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History and the (un)making of identifications in literary representations of Anglo-Indians and Goan Catholics Gracias, Marian Josephine 2000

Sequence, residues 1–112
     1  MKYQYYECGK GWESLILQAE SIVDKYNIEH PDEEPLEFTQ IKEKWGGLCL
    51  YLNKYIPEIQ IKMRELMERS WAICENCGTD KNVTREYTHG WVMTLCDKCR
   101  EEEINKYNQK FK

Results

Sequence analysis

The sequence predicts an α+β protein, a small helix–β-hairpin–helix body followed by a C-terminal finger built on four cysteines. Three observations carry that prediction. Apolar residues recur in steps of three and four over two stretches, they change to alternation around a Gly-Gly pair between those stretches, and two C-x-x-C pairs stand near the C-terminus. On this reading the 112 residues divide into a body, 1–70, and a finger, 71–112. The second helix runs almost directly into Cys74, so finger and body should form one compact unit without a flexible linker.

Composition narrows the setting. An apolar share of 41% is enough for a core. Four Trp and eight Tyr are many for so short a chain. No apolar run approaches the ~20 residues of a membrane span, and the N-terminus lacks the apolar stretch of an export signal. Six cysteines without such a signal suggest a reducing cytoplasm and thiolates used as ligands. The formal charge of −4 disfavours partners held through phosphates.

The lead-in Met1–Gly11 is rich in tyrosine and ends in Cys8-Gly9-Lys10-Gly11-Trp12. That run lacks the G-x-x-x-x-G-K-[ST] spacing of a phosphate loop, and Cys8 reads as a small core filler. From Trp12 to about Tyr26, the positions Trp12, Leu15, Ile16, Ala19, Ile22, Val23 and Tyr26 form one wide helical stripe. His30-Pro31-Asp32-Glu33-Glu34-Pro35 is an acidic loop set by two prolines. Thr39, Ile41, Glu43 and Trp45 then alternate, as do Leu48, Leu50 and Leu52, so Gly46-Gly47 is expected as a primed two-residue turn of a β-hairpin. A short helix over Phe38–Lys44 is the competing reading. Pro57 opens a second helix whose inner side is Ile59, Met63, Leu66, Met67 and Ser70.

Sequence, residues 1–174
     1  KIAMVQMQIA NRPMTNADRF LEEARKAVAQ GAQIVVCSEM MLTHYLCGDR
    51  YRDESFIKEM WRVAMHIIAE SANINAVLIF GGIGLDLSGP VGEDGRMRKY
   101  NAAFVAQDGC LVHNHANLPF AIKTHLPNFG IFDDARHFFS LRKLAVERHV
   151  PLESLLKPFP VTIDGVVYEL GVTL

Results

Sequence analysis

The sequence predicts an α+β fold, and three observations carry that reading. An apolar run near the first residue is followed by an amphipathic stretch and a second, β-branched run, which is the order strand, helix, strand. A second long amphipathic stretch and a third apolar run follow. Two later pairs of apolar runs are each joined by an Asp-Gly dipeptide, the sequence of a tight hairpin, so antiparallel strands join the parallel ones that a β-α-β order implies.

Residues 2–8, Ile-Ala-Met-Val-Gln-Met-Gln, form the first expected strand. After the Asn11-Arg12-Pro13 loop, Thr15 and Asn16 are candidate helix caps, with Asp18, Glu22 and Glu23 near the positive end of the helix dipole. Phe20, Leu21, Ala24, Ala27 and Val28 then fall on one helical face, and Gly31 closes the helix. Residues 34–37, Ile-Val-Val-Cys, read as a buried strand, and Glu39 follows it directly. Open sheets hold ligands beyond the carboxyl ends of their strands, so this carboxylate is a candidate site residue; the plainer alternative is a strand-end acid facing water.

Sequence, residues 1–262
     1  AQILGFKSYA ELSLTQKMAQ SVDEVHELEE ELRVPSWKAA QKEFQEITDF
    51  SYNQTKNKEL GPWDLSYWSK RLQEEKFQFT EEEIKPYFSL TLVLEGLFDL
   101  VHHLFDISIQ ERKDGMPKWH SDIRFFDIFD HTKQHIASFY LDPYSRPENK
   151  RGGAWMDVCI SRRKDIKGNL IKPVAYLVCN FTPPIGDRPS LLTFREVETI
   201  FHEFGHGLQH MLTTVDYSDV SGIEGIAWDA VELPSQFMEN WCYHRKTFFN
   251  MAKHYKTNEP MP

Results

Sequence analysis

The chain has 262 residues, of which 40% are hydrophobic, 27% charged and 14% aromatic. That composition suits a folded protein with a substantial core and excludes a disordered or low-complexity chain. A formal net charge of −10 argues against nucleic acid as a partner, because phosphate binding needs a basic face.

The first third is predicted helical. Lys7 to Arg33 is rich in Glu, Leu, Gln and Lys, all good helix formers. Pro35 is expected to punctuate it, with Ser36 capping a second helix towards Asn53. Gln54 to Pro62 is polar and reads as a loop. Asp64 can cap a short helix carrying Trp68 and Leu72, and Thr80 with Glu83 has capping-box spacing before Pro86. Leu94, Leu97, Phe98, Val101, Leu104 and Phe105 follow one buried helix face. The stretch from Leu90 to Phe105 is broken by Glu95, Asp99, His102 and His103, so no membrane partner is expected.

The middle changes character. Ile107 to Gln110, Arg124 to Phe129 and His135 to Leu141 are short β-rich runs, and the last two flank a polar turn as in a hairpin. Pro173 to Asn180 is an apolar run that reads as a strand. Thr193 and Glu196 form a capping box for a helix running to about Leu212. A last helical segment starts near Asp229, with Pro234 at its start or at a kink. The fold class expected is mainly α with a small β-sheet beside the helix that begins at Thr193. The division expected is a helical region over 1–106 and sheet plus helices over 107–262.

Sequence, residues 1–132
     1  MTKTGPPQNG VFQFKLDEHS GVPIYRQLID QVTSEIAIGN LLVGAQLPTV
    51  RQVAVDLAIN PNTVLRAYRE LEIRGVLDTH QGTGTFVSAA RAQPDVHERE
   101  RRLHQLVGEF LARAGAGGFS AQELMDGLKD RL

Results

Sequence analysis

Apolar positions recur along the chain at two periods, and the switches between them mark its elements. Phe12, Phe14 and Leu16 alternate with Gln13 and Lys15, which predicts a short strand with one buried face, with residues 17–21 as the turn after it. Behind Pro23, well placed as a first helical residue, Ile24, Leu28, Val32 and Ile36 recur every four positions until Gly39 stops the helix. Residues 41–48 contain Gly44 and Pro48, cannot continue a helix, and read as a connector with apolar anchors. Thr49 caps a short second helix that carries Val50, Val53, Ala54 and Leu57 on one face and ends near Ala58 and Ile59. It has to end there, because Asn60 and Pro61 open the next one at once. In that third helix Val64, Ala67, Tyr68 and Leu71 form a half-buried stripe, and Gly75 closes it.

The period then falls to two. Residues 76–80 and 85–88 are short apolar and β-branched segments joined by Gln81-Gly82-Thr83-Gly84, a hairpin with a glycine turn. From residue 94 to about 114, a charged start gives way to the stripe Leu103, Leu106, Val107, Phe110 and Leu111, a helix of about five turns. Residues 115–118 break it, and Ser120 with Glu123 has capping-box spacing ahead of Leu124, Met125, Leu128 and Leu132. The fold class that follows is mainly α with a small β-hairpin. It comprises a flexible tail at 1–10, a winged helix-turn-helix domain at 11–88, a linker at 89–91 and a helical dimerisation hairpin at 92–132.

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HISTORY A N D THE (UN)MAKING OF IDENTIFICATIONS IN LITERARY REPRESENTATIONS OF ANGLO-INDIANS A N D G O A N CATHOLICS by M A R I A N JOSEPHINE GRACIAS B A , St Xavier's College, The University of Bombay, 1989 M A , The University of Bombay, 1991 M A , The University of British Columbia, 1993 A THESIS SUBMITTED IN PARTIAL FULFILMENT OF THE REQUIREMENTS FOR THE DEGREE OF DOCTOR OF PHILOSOPHY in THE F A C U L T Y OF G R A D U A T E STUDIES (Department of English) We accept this thesis as conforming to the required standard THE UNIVERSITY OF BRITISH C O L U M B I A September 2000 © Marian Josephine Gracias, 2000 In presenting this thesis in partial fulfilment of the requirements for an advanced degree at the University of British Columbia, I agree that the Library shall make it freely available for reference and study. I further agree that permission for extensive copying of this thesis for scholarly purposes may be granted by the head of my department or by his or her representatives. It is understood that copying or publication of this thesis for financial gain shall not be allowed without my written permission. Department of The University of British Columbia Vancouver, Canada Date DE-6 (2/88) Abstract This dissertation examines selected literature by and about Anglo-Indians (Eurasians) and Goan Catholics from India and the Indian diaspora, focusing on its preoccupation with the history of these communities as a site of contested identifications. Especially polemical are perceptions (due to communalist stereotypes or internalisation) of Anglo Indians and Goan Catholics as mimic or intermediary communities who ended up capitulating to British and/or Portuguese colonialist structures respectively. Larger issues for both communities in India and in the diaspora also involve questions of racial or cultural hybridity, and the slippage between religion and culture, particularly the linking of conversion to Christianity with colonisation, Westernisation, denationalisation, and non-Indiannness. I argue for a more layered understanding of the concepts of mimicry, hybridity, and resistance in relation to identifications from these communities. B y choosing literature set in times of national crisis and historical change (in India, and in East Africa for the Goan diaspora), I have been attentive to the varying ways in which literary characters and narrators confront, project, or elide contradictions of proximity and difference in the production of racial, cultural, and national identity. The main literary texts in the discussion of Anglo-Indian identifications include John Masters' Bhowani Junction, Manorama Mathai's Mulligatawny Soup, Stephen Alter 's Neglected Lives and Al l an Sealy's The Trotter-Nama. In these texts, I have examined how the narrative opens up or circumscribes the agency and racial identifications of Anglo-Indian characters. A s well , I make some references to Rudyard Kipl ing 's K i m and selected work by Ruskin Bond. The central literary texts in the discussion of Goan Catholic and diasporic identifications include Lambert Mascarenhas' Sorrowing Lies M y Land, Kiran Nagarkar's Ravan and Eddie, Joao da Veiga Coutinho's A K i n d of Absence: Life in the Shadow of History, selected writing by damian lopes, and Peter Nazareth's In a Brown Mantle and The General is Up. I also dwell in some detail on selected short stories by Lino Leitao, and Violet Dias Lannoy's Pears from the W i l l o w Tree. I examine the role of Anglo-Indian and Goan Catholic women literary characters, making the case that, for the most part, it is male characters who are given political and narrative complexity in terms of negotiating colonialism and nationalism, and that women characters, when central, are Ill imaged as mediating grounds to advance or block access to male characters who are competing over nationalist and colonialist discourses about race and sexuality. A n exception is the poetry of Eunice de Souza where there is critical reflection on the position of Goan Catholic women. Where relevant, I draw from particular areas of cultural studies, postcolonial and feminist theories (including those dealing with psychoanalysis), and writings about Indian history and nationalism. Writings from these areas offer pertinent insights on ambivalence in the production of subjectivity, and on the construction of Indianness in relation to arguments on colonialism, gender, caste, class, secularism, and the religious right (especially the discourses of Hindutva). While the identifications and identity of Anglo-Indians and Goan Catholics appear in the genre of history, these communities are largely absent or peripheral in the area of literary analysis, cultural studies, and postcolonial theory pertaining to India. Therefore, I hope that a study of these communities w i l l contribute to the discussion of religious and multiracial identifications that is increasingly relevant to the field of postcolonial and cultural studies. Table of Contents Abstract ii Acknowledgements vii Prologue Copy Cat Copy Cat? viii Chapter 1 "A Certain Way of Being There" 1 1.1 Introduction 1 1.2 Proximity and Distance: Colonialism and the Construction of Mimic Subjectivity 12 1.3 Forms of Mimic Subjectivity and the Question of Subversion 22 1.4 Nationalism, Colonialism, and the Construction of Indianness 33 Chapter 2 Negotiating Classifications: Writing an Anglo-Indian History 57 2.1 Introducing Mixed Race Classifications 57 2.2 Anglo-Indians and the Discourse of Mixed Races under British Colonialism 60 2.3 Scientific Racialism and Other Discourses of Mixed Races 71 2.4 Conclusion: (Dis)placing Anglo-Indian Classifications and Affiliations 77 Chapter 3 (By) Passing Stereotypes of Anglo-Indian Identifications in Literature 91 3.1 Literary Antecedents: Representations of Mixed Race People 91 3.2 "Species Loyalty": Anglo-Indian Identifications in John Masters' Bhowani Junction 109 3.3 Between Homes: Manorama Mathai's Mulligatawny Soup 132 3.4 Escaping from History: Stephen Alter's Neglected Lives 145 3.5 Interracial Relationships in Bhowani Junction, Mulligatawny Soup and Neglected Lives: Possibilities and Closures 155 V Chapter 4 Beyond Doom and Gloom: Allan Sealy's The Trotter-Nama 1 6 2 4 . 1 I n t r o d u c t i o n : A l t e r n a t i v e s t o S t e r e o t y p e s o f A n g l o - I n d i a n I d e n t i f i c a t i o n s 1 6 2 4 . 2 C o n t e n d i n g w i t h " T h e G r e y M a n ' s B u r d e n " : A l l a n S e a l y ' s T h e T r o t t e r - N a m a 1 6 8 Chapter 5 Writing Identity in Goan History 2 0 2 5 . 1 C l a i m s i n t h e W r i t i n g o f G o a n H i s t o r y 2 0 2 5 . 2 E a r l y H i s t o r y o f t h e P o r t u g u e s e i n I n d i a a n d G o a 2 0 8 5 . 3 M i x i n g T r a d e , R e l i g i o n , a n d R a c e 2 1 0 5 . 4 C o n v e r s i o n t o C h r i s t i a n i t y a n d t h e P r a c t i c e o f R e l i g i o n U n d e r B r i t i s h a n d P o r t u g u e s e C o l o n i a l i s m 2 1 7 5 . 5 C a s t e , C o n v e r s i o n , a n d N a t i o n a l I d e n t i t y i n P o r t u g u e s e G o a a n d B r i t i s h I n d i a 2 2 8 5 . 6 P l a c i n g t h e P o l i t i c s o f R e s i s t a n c e t o P o r t u g u e s e R u l e 2 3 6 5 . 7 C l a i m i n g G o a : L i b e r a t i o n o r I n v a s i o n ? 2 4 4 5 . 8 T h e I m p a c t o f L a n g u a g e a n d M i g r a t i o n i n t h e C o n s t r u c t i o n o f G o a n I d e n t i t y T o d a y 2 5 0 5 . 9 C o l o n i a l a n d C a s t e E f f e c t s i n L o c a t i n g C o n v e r s i o n t o C h r i s t i a n i t y W i t h i n C o m m u n a l a n d S e c u l a r D e b a t e s i n C o n t e m p o r a r y I n d i a 2 5 3 Chapter 6 Identifications in Crisis: Goan Catholics in Literature 2 6 7 6 . 1 T h e Q u e s t i o n o f G o a n I d e n t i t y 2 6 7 6 . 2 W r i t i n g A g a i n s t C o l o n i a l i s m : L a m b e r t M a s c a r e n h a s ' S o r r o w i n g L i e s M y L a n d , L i n o L e i t a o ' s " T h e M i r a c l e " a n d " A r m a n d o R o d r i g u e s " 2 7 3 6 . 3 T h e C r i s i s o f L e a d e r s h i p : V i o l e t D i a s L a n n o y ' s P e a r s f r o m t h e W i l l o w T r e e a n d L a m b e r t M a s c a r e n h a s ' A G r e a t e r T r a g e d y 2 9 0 6 . 4 I n t e r r o g a t i n g G e n d e r : T h e P o e t r y o f E u n i c e d e S o u z a 3 0 0 6 . 5 H i n d u s a n d C a t h o l i c s : W h e r e P a r a l l e l W o r l d s o f D i f f e r e n c e M e e t i n t h e H o r i z o n o f K i r a n N a g a r k a r ' s R a v a n a n d E d d i e 3 1 1 Chapter 7 "The Intimate Outsider": History and Location in Literature from the Goan Catholic Diaspora 334 7.1 Introductory Issues in Writing Diaspora 334 7.2 The Search for a Theory of Goan History: Joao da Veiga Coutinho's A Kind of Absence: Life in the Shadow of History 337 7.3 East African Goan Catholics: Narrating the Third That Walks Between Black and White in Peter Nazareth's In a Brown Mantle and The General Is Up 358 7.4 Intermediary Positions and Peter Nazareth's Narrators 390 7.5 Navigating Historical Legacies in damian lopes' Writing 403 Chapter 8 Epilogue: The Politics of Engagement 412 Works Cited 426 Acknowledgements I am thankful particularly to my thesis supervisor, Dr. Margery Fee, as well as Dr. Harjot Oberoi and Dr. Glenn Deer from my thesis committee, for reading through drafts and for critical feedback. In an era of potential and actual cutbacks to education and libraries, I acknowledge the importance of books and articles I received through Interlibrary Loans and U B C Libraries. Indeed, a considerable portion of my educational discoveries took place in the library working my way by trial and error through library catalogues and shelves. Additionally, for this dissertation, it was helpful having access to communicative spaces such as e-mail, Internet, and listserves such as the postcolonial@virginia, third-world-women, goa-net, and the Anglo-Indian home-page. Through such spaces I was able to reach or read about some writers and researchers cited in this dissertation, like Teotonio de Souza, Megan M i l l s , damian lopes, Peter Nazareth, and Rowena Robinson. I appreciate the useful reading suggestions I received from queries I sent out to these writers. To Calvin—thanks, especially for editorial and computer help. I thrived on the encouragement from colleagues in Vancouver including Cecil ia Danaher, Gaik Cheng Khoo, Karlyn Koh , Sook Kong, Glen Lowry, Nancy Pagh, and Diane Stiles. I was also nurtured by friendships that began in India and continued abroad from Bucky Bhadha and Kamal Sidhwa Taraporevala. Although time spent on writing this thesis has often seemed long and solitary, it has been filled with the thoughts, words, and lessons gleaned from intervening events and locations in Canada. M y critical faculties were furthered through books, inspiring speakers, and forums for women of colour that I was able to access in the recent past in Canada. Thanks, in particular, go to Benita Bunjun, Gitanjali Lena, and Jin-Sun Yoon for spaces for learning, as well as for their friendship. The work and presence of creative and courageous work from writers located both in the West and India towards social justice and action have contributed abundantly to my learning. I also remember with appreciation the formative influences from my education in India, especially when I was a student in St. Xavier 's College, Mumbai. Again, here too, I acknowledge the spaces of college, university, and consulate libraries for significantly extending my education. Sameera Khan, and especially Kavita Sahni, shared thought-provoking information about cultural writings and events in India. The wi l l to successfully complete this dissertation has come in big measure from my need to visit my family again in India. I have not been able to go home to see them for a while and they are patiently "Waiting for Godot" as it were. I gained much from some fiery discussions around the kitchen table and on the phone with them. I am grateful for the many times my parents, Fatima and Abel , my brothers, Sebastian and David, and my sister, Ti lu , have spiritedly urged me on. Prologue Copy Cat Copy Cat? —Marian Gracias Apna, we say conspiratorially apna log, amcho gao leaving and re-turning the questions to find out only partially who are my people, we sometimes ask each other, looking for our echoes, our footprints, our genealogies, baptism certificates, theses, paintings, writings, films. Taking the names in the pale undersides of brown hands, I recite them aloud: Maria Lucia De Souza, Francisco Jose Da Gama, Aninhas Soares, Philomena Santos Braganza, Xavier Fernandes, Benedict Colaco. I go over the syllables, over them again, pausing to confront the strange yet famil(y)iar sounds in those names. Are these our people? What are their affinities, and should we claim them as ours? Answering our name Gracious in India, our replies are awkwardly polished with the South Indian nuns convent educated, Indian-English, sing-songy, but clipped and bastardized tongues used to treading out the Father's line Our Father who art in heaven hallowed be thy name our names, which we are not worthy enough to pronounce rightly. Points of contact make us learn of Graa cias in America common enough a word in Spanish, some say, and at least we should show them we can pronounce it like it was (but it was Portuguese, or wasn't it?) Names that were given to us (that we took?) ours now, made and unmade when we twisted them treacherously with jungli tongues that could not slip over phataksey from shudh tongue to tongue Gr see us says a home narrative telling us the ancestories of histories, and how our questions led to an exasperated Deo Gratias in Goa. A n d with that look heavenward when it was finally over we got our name. Doesn't that mean thank you? says the bank teller in Vancouver (un) knowingly. Thank you, Miss Thank Y o u says another cashier at a grocery store glancing briefly at the name on the card before swiping it at the counter A n d how do you pronounce it? Must be Garcia or something anyway, says another clerk when I collect my paycheque Is that an Indian name? I am asked at an interview Hispanic say my students and Caribbean for the accent But how do you know you are not Eurasian, not one drop of that white blood eh? Perhaps, I reply, one can never tell from the past with such accuracy remembering the irony of traditions and cultures be proud of whose traditions must I part from? Gracias, remember to look the part C for Catholic, taught to recite devoutly the / believe in the one holy catholic and apostolic Church, (but) from India (shocked expressions!), East Indian, East India Company, questing Indianness in the questioning, probing nationalisms and prodding religion, circling convert and apostate, looking for our people and away from them, searching for the brown Christ, and coloured angels in Christmas cards Pavwallahs, some others who were also our people called us, i f you jump in the well , you think I wil l? We did, for more than a few pieces of bread. Westernised minority sleeveless bloused loose moralled feni drinking pav chorizo floosies indigenas assimilados look how they love to ape the West, but they can't even see how the West makes an uloo out of them the way Indians, Goans, and Catholics remain distant and intimate, disavowed borrowings of nouns, food, religion, moralities are these your people? But arrey you drink the blood of Christ and eat his body? What kind of barbaric religion is that? What goes of yours? I said back in our not quite right English. N o w I channel my lilts into flatter lines sly civility as the theory goes when the voice before the question marks rises too high demanding who spoke Portuguese, who learned Sanskrit, who preferred English, who still speaks Konkani, who was fluent in what, who lost which language, whose mothers did not read the writing in the school in the law in the Church chronicles studied law, political science, won awards for Latin, translated from Oriental literature in Lisbon, remained in Goa, was invited to join the Colonial Ministry and held Gold Medal Class I for distinguished service in overseas colonies, earned the esteem of European superiors who listened to who was absent, who was quiet, who cackled too loudly, who was famous, who was (a) shamed moved to Africa, to Bombay, sided with the liberation, claimed invasion who learned about why the long line of educators who unlearns the education making notes of whose past tracking whose genealogies (un) cleanly which scripts do I then trace over copy cat copy cat? We converted then, let's reconvert back, I say when features of the long-standing debate draw blood, and poisoned memories of missionaries, caste, foreign religion, conversion by unfair means the right to convert and choose one's religion Christians are Indians and have been so for centuries culture as religion only in name one hegemony to another Gracias, graciously Then as now we are indians that's western gays and lesbians sheee men then I search doubtfully for my lines about colonisation, the Church and the State, ancient India, temple carvings and so forth that, them, those people our people who tried to get out of their dark skins to be fair and lovely with God, bleach and face creams, our people who tried to climb back darker into their skins, welding and splitting each graft at the juncture of assessment our people who are unlearning so that they learn inconsistencies of resistance and complicity our people who seek each other out with regard and wariness our people reaching for a proximity that is too close for comfort. 1 Chapter 1 "A Certain Way of Being There" What is this East? How do I become its signifier?... In these great festooneries of reaching out, what fears do I have o f encounters? —Manjit Bawa, Statement and Transcript. Artists Today: East West Visual Arts Encounter (1987). 1.1 Introduction This dissertation examines selected literature by and about Anglo-Indians (Eurasians) and Goan Catholics from India and the Indian diaspora, focusing on its preoccupation with the history of these communities as a site of contested identifications. Although these communities have their own distinct histories, I bring them together in this thesis because certain similarities in the representations of their identifications provided both interest and challenge to me on literary, historical, theoretical, as well as personal fronts. The term "Westernised minority" is often used to describe most Anglo-Indians and Goan Catholics, and while Westernised is not necessarily pejorative, within a communalist context, this can be transformed into a poisonous brew, with the Westernised bringing up images of Westoxified, culturally alienated peoples who have flawed and divided national allegiances, as well as complicit links to colonialism. However, the Westernisation which these communities are associated with may also be argued to be one that has been re-appropriated and remade within the contours of Indian culture, rather than something simply acquiesced to as foreign, transitional, temporary, split off-from, or outside another Indian identity core. Nonetheless, in moments of national crisis, such as the period just before independence, or even in contemporary India, arguments are 2 vociferous about whether this culture is in India and of India; or in India and not of it, and must therefore try to become Indian. Since their ancestry and identifications are constantly emphasised as partly British, connections between racial miscegenation and non-Indianness are part of the legacy (or burden) of mainstream Anglo-Indian representations. Whether as minor characters or protagonists, in novels or historical accounts, Anglo-Indians are usually castigated as lackeys of the British empire in India, tragically betrayed by the British government when they supposedly left the Anglo-Indians to the mercy of the Indians, though my thesis aims to show that neither the term Anglo-Indian nor Anglo-Indian identifications were as reductive as these equations. Many Catholic writers from Goa, be it at the time of Por